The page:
Do you ever wonder why so many attempts at changing the way we eat fail? After last weekend, I realized that for me, it’s because I’ve often used the wrong definition of success.
In last week’s blog (read here) I shared about wanting to get to Sunday night and say, “we did so well, no regrets!” But alas, we both ate/drank things on the list to avoid – things we’ve given up. For Don it was soda; for me it was cheese. I couldn’t resist. The cheese was there, it looked SO good I just had to have some. And I was right, it was very good – I enjoyed every bite!
Now on one hand, we could focus on those things and measure the success of the weekend by our few failures. Or, we could focus on the positive and realize that for the most part we stayed on course:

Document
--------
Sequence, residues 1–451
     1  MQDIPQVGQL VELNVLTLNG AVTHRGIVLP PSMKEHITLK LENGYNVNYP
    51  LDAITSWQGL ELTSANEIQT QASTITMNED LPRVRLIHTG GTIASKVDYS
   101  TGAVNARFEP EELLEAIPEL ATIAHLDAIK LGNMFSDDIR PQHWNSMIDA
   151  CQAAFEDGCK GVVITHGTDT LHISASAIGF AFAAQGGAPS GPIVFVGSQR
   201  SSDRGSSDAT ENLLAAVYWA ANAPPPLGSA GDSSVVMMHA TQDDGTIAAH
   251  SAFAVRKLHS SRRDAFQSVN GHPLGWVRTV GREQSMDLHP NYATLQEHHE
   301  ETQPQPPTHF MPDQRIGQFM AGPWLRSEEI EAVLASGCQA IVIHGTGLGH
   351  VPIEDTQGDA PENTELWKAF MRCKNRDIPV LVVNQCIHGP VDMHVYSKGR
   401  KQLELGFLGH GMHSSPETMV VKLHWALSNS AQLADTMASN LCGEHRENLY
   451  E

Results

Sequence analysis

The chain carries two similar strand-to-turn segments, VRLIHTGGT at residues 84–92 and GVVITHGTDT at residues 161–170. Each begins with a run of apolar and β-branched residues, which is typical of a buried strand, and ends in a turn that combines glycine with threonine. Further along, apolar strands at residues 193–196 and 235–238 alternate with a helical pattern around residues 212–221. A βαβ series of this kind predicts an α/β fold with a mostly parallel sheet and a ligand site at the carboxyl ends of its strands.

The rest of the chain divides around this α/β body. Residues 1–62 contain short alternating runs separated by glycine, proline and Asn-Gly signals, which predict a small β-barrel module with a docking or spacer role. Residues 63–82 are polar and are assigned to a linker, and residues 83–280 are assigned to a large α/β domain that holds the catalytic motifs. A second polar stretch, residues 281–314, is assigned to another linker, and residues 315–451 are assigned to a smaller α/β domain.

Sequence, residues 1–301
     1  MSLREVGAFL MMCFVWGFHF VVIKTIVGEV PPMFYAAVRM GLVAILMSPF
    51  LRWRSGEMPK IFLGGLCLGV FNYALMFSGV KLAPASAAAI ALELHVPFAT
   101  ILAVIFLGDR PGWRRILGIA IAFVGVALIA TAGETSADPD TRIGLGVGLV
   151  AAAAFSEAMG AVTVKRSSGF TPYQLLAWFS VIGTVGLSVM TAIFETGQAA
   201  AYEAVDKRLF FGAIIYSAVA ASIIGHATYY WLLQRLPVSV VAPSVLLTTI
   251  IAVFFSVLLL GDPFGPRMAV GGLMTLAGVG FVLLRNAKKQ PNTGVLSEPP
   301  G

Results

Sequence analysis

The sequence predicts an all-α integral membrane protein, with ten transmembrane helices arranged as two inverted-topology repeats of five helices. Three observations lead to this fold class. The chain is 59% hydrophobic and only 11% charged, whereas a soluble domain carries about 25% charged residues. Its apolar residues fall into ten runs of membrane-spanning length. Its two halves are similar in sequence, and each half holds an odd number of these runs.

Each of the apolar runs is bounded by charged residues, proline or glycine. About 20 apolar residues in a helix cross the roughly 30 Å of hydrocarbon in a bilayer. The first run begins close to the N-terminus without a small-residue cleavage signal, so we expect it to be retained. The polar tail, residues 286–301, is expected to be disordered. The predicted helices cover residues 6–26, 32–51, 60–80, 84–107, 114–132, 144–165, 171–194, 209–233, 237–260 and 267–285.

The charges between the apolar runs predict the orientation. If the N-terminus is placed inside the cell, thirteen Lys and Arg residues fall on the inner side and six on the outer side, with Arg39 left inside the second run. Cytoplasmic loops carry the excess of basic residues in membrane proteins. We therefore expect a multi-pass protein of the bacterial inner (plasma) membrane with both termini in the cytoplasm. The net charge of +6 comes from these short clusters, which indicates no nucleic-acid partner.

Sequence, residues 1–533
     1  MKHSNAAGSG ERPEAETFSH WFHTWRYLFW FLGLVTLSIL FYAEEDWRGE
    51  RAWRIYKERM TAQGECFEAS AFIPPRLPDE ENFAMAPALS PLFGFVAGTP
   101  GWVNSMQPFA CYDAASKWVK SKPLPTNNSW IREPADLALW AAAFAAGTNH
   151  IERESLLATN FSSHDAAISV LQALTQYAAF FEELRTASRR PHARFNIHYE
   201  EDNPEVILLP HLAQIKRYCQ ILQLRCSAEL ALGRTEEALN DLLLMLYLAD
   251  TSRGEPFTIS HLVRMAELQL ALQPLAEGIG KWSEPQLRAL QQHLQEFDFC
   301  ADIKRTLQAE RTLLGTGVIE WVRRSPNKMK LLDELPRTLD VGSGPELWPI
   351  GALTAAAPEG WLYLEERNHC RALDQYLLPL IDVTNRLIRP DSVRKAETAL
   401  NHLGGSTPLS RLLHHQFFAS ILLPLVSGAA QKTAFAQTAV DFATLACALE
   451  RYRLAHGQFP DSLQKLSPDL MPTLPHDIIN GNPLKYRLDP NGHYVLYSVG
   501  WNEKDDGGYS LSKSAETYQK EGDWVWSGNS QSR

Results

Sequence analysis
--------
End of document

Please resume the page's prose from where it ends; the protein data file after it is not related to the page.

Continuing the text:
- We had salads for dinner Saturday when we ate out
- We didn’t have dessert or any sweets
- Most of the snacks we ate were things we brought, veggies, and fruit
- We didn’t drink any coffee, something we both quit
- We didn’t overeat; didn’t get on a roll, so to speak.
Success is not perfection. Perfection is not required for success. Success is doing the best you can and not giving up when you make one mistake. Success is also not being so obsessed with any one thing (eating right, in this case) that you miss the main point of a weekend away: to enjoy precious time with dear friends. And that we did!
So yes, I can honestly say that Sunday night we had no regrets. We didn’t hit perfection, but we never gave up trying to make good choices. And that, my friends, was a successful way to stay on course!
Let us not become weary in doing good,
for at the proper time we will reap a harvest
if we do not give up.
(Galations 6:9, NIV)
How do you measure success when trying to eat right on vacation? Do you give up with the first wrong choice, or stay the course and keep doing the best you can?